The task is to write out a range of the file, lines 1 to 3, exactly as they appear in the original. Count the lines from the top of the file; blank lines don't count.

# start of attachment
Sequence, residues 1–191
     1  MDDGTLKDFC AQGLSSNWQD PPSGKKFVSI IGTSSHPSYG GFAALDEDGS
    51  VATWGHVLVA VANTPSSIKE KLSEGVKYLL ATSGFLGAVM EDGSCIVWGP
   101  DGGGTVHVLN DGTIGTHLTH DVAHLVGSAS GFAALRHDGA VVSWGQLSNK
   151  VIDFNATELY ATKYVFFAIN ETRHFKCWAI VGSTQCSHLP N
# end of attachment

Sequence, residues 1–191
     1  MDDGTLKDFC AQGLSSNWQD PPSGKKFVSI IGTSSHPSYG GFAALDEDGS
    51  VATWGHVLVA VANTPSSIKE KLSEGVKYLL ATSGFLGAVM EDGSCIVWGP